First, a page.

We Sure Talk The Talk!

Yeah, so I went to church today, the same church my recent post below warned you not to attend with me – at least not if you are homeless.  And I am stunned (yet again) at the talk we talk.  I mean our preaching is good – real good.  We even sang that song Reckless Love again.

Check out this lyric:

Reckless Love (Spontaneous)
Bethel Music

Oh, the overwhelming, never-ending, reckless love of God
Oh, it chases me down, fights ’til I’m found, leaves the ninety-nine
And I couldn’t earn it
And I don’t deserve it
Still You give yourself away

Songwriters: Caleb Culver,Cory Asbury,Ran Jackson

How’s that for a praise-worthy description of the love God shows us?  Pretty good, don’t you think?

And so here I join the assembly where I am a regular member to sing these words AFTER leadership there tells me that we will not welcome the homeless from the streets and provide them care when it is cold, AND that my idea of how to help them actually does more harm than good.

So… How am I supposed to cope with this inconsistency?  The only thing I can figure is that this song keeps making the first-person, singular pronoun the blessed recipient of God’s reckless love, but it does not extend to the third-person, plural – THEM.  At least not if the THEM refers to the street homeless of Lubbock.  Yeah, we are incredibly selfish about this love of God stuff!

Are we really that shallow?  How can we sing this song with such passion, yet so firmly conclude that if we open the door to the poor (or even give a bum $5), then we are doing them harm?  God’s reckless love is good for ME and mine, but when it comes to the homeless, I better not show any of God’s reckless love!  I better not do the things Jesus actually said to do!  That would do more harm than good!


It’s all too stupid to really be real.  But that’s us… where I go to church.

But then the sermon found evermore powerful ways of reiterating the very love the song speaks of.  Our preacher all but came out and said we should open our door to the homeless.  All but!  I mean he went to pains to describe the pains God/Jesus go to in showing their love for us, but he didn’t stop with us.  He went on to describe all kinds of otherwise undesirable people in undesirable circumstances of gross, immorality, drug or alcohol addiction, who are poor and unwanted in a dozen different ways AND how God loves them (us too) absolutely unconditionally, sacrificially, and unreservedly.

He even went on to question what outsiders think of our church!  What kind of people do we seem to be to those broken, undesirable people out there who pass by us?  Do they see us as judgmental?  Do they fear our rejection?  Do they think they would not be accepted by us???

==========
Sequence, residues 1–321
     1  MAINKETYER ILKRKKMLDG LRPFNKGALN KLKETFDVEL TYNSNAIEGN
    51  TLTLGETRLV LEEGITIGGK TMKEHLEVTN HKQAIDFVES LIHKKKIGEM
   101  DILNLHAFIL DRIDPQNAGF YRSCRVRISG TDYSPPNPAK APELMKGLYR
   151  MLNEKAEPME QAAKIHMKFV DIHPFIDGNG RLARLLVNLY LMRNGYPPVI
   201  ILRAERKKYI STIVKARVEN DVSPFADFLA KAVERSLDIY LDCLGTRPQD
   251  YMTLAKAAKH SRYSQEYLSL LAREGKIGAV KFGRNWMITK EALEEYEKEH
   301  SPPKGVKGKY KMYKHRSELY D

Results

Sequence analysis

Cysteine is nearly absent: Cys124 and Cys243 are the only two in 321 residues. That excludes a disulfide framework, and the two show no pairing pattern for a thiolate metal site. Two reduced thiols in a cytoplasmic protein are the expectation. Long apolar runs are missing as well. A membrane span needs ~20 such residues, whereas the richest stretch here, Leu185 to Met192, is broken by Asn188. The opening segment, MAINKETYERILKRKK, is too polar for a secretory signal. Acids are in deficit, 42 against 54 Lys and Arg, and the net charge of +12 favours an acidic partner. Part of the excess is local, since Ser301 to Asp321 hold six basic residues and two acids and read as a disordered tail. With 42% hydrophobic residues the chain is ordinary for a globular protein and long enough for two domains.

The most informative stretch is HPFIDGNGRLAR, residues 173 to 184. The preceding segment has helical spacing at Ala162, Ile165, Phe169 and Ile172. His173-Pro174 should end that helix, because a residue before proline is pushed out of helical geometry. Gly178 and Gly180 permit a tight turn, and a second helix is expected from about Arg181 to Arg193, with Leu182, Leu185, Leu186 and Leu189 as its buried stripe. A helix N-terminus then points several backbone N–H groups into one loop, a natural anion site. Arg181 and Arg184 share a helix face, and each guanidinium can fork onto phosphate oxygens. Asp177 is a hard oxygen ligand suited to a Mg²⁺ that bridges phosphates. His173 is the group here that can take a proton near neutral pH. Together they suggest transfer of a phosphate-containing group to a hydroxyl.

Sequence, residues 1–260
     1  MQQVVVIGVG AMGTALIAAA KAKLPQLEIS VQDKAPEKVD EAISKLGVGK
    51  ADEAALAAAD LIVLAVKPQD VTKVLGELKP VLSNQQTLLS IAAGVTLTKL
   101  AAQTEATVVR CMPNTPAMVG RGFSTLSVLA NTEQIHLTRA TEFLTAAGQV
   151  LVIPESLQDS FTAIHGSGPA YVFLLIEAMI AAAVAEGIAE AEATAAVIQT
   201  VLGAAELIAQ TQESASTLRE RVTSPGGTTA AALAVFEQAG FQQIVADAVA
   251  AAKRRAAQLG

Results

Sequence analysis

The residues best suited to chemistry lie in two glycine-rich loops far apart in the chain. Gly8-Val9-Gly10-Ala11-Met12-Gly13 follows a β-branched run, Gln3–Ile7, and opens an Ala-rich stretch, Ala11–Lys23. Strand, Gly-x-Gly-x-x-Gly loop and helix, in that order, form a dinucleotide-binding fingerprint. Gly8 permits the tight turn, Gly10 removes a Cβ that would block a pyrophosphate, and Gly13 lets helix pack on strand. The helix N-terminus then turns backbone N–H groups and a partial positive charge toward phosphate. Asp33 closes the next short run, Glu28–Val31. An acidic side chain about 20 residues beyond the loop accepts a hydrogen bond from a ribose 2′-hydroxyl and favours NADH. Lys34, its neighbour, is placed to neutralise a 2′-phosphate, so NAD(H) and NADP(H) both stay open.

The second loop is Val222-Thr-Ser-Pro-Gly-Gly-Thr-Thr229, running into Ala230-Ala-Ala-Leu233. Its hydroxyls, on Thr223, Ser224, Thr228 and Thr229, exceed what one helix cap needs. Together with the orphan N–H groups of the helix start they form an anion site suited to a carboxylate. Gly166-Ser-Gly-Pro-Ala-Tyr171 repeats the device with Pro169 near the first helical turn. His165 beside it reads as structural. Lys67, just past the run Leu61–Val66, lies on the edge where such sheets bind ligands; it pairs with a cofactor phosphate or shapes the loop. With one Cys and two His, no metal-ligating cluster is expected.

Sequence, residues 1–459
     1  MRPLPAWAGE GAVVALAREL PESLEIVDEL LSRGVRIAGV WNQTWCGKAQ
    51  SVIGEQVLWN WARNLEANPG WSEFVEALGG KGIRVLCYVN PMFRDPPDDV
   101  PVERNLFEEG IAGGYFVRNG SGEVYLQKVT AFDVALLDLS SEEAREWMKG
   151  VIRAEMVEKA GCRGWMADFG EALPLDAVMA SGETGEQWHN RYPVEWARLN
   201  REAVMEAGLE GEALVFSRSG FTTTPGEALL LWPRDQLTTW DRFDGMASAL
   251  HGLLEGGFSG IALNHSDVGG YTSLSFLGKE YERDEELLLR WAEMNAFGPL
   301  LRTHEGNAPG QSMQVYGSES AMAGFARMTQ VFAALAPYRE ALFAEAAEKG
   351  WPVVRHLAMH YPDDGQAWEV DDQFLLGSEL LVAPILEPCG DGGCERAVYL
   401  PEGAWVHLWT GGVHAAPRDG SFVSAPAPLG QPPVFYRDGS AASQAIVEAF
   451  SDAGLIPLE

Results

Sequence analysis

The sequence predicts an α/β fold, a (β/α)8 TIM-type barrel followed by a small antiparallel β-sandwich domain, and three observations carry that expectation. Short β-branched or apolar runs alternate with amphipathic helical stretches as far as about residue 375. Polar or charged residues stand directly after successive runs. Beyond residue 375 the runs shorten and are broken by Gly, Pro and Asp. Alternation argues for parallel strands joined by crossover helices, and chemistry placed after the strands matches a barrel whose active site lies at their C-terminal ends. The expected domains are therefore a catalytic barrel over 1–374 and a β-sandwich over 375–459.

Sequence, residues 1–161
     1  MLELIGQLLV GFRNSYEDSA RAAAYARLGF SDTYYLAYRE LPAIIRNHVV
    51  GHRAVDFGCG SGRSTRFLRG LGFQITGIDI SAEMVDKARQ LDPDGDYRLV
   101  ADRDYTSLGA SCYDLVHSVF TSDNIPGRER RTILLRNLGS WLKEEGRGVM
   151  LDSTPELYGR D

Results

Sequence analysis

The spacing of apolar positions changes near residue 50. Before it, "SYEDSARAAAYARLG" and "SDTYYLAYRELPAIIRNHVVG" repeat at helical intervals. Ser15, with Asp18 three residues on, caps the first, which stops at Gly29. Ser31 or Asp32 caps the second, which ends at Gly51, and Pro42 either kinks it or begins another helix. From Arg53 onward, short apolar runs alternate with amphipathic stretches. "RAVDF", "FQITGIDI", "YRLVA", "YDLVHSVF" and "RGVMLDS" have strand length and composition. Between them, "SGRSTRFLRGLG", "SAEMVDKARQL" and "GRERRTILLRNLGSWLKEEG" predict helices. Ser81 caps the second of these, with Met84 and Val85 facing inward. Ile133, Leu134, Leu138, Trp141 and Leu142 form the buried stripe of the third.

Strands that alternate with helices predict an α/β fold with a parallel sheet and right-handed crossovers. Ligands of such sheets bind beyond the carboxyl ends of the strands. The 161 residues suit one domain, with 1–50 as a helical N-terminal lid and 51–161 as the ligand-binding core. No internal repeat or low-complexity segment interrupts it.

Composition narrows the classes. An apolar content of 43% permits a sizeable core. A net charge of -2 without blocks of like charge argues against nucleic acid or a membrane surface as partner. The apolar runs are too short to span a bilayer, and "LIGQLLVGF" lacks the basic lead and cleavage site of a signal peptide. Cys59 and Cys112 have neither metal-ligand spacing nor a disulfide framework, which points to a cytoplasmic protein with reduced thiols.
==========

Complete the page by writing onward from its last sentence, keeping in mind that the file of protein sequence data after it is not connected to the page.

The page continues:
He didn’t stop there.  He warned us that there is another part to this series of sermons yet to come in which he expects to make our church feel very “uncomfortable”.  He said he knows this because his preparations for this series have caused him great discomfort as well.

So… here I am singing like this, listening to a sermon like this, in a church that insists we cannot/should not/will not open our doors to the homeless when they are freezing to death.  A church whose leadership is neck deep in the When-Helping-Hurts ideal of definitely not being reckless or overly helpful.  A church whose leadership has specifically told me personally that my idea of ministry (the very idea we just sang and preached about) does more harm than good.

I think I am going crazy.

But I gotta hand it to us.  We sure can talk the talk.



  1. T. F. Thompson · September 23

    Reblogged this on Hard Times Ministries and commented:
    How to become who you are not and still feel good about it.

    Liked by 1 person

  2. laceduplutheran · September 24

    It’s what I call Comfortable Christianity. We’ll talk about these things all day long. But as soon as there is an actual cost, or something is uncomfortable, or inconvenient, well, then that crosses the line. As a pastor I know I’ve ruffled the feathers of the comfortable with our ministry. And we do have homeless people and now formally homeless in our pews. Luke 6:46 is a good guide for what we do – ‘Why do you call me “Lord, Lord”, and do not do what I tell you? I don’t ever want Jesus to ask me that question. I think the church has forgotten what it means to follow Jesus and how costly that it. Not everyone of course, but many Christians want the label but not the action and response that goes with it. We want a membership, not discipleship. But keep plugging away. This is changing. It takes crazy people like you and I and others to keep pushing forward.

    Liked by 1 person

Leave a Reply

Fill in your details below or click an icon to log in:

WordPress.com Logo

You are commenting using your WordPress.com account. Log Out /  Change )

Google photo

You are commenting using your Google account. Log Out /  Change )

Twitter picture

You are commenting using your Twitter account. Log Out /  Change )

Facebook photo

You are commenting using your Facebook account. Log Out /  Change )

Connecting to %s